Objectives: To examine associations between functional capacity estimated from cardiorespiratory fitness (CRF) and mortality risks in adults aged 60 and older.
Design: Prospective study, averaging 13.6 years follow-up.
Setting: Preventive medical clinic.
Participants: Four thousand sixty adults who completed preventive medical examinations between 1971 and 2001; 24.7% women, mean age+/-standard deviation 64.6+/-4.9, body mass index (BMI) 25.9+/-3.8 kg/m2.
Measurements: CRF was quantified as metabolic equivalents (METs) achieved during maximal treadmill exercise. The lowest 20% of the age- and sex-specific MET distribution was defined as having low CRF, the middle 40% moderate CRF, and the upper 40% high CRF. Cox regression was used to estimate death rates (per 1,000 person-years), hazard ratios (HRs), and their 95% confidence intervals (CIs).
Results: Nine hundred eighty-nine deaths occurred during follow-up. Death rates adjusted for age, sex, and examination year were 30.9, 18.3, and 13.4 for all causes (P<.001); 15.9, 8.6, and 5.4 for cardiovascular disease (CVD) (P<.001); and 6.1, 4.9, and 4.2 for cancer (P=.04) for subjects with low, moderate, and high CRF, respectively. After adjusting for smoking, abnormal electrocardiograms at rest or while exercising, percentage of age-predicted maximal heart rate achieved during exercise testing, baseline medical conditions, BMI, hypercholesterolemia, and family CVD and cancer history, subjects with high CRF had notably lower mortality risk than those with low CRF from all causes (HR=0.59, 95% CI=0.47-0.74) and from CVD (HR=0.57, 95% CI=0.41-0.80).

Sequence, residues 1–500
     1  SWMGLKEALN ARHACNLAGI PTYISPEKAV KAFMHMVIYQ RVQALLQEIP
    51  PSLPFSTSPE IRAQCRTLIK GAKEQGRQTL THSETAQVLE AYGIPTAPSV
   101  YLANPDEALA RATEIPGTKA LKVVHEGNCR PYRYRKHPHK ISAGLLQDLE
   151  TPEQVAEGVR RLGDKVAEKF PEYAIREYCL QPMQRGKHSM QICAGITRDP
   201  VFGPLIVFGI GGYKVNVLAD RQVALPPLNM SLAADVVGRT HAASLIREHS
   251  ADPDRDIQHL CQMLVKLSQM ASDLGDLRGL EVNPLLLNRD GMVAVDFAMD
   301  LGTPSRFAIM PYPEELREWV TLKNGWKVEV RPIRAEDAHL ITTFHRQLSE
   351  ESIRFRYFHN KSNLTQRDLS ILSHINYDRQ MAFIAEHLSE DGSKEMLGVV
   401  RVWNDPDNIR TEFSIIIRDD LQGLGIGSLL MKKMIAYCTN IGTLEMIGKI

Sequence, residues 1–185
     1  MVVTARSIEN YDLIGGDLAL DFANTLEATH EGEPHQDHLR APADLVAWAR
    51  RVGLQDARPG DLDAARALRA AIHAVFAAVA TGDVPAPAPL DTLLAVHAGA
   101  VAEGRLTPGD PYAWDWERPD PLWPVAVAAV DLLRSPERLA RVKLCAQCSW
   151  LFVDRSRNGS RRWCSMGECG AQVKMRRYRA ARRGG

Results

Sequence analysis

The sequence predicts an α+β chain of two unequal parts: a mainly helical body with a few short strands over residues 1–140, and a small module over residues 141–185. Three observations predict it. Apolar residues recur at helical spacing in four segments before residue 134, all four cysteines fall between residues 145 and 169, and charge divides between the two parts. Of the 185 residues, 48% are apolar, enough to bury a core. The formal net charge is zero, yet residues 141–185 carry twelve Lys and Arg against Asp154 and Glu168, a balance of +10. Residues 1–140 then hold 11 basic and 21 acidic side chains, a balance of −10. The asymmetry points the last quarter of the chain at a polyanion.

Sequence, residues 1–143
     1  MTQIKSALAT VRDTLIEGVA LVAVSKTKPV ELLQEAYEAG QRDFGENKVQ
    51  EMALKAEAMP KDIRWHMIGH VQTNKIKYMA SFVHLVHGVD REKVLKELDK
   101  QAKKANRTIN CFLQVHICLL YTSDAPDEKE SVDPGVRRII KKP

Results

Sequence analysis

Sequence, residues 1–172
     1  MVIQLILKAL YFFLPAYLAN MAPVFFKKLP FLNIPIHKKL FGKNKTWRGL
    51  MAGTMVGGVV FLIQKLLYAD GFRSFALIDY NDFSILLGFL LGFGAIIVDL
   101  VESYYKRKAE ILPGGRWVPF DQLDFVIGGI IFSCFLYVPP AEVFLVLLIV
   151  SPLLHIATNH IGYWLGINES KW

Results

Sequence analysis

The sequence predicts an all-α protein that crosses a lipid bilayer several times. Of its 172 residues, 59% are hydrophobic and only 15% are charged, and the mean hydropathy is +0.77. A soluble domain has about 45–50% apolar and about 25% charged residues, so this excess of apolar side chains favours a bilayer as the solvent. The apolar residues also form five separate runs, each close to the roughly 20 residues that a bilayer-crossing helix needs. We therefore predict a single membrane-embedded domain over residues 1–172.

Conclusion: CRF is an important independent predictor of death in older adults. The results add to the existing evidence that promoting physical activity in older adults provides substantial health benefits, even in the oldest old.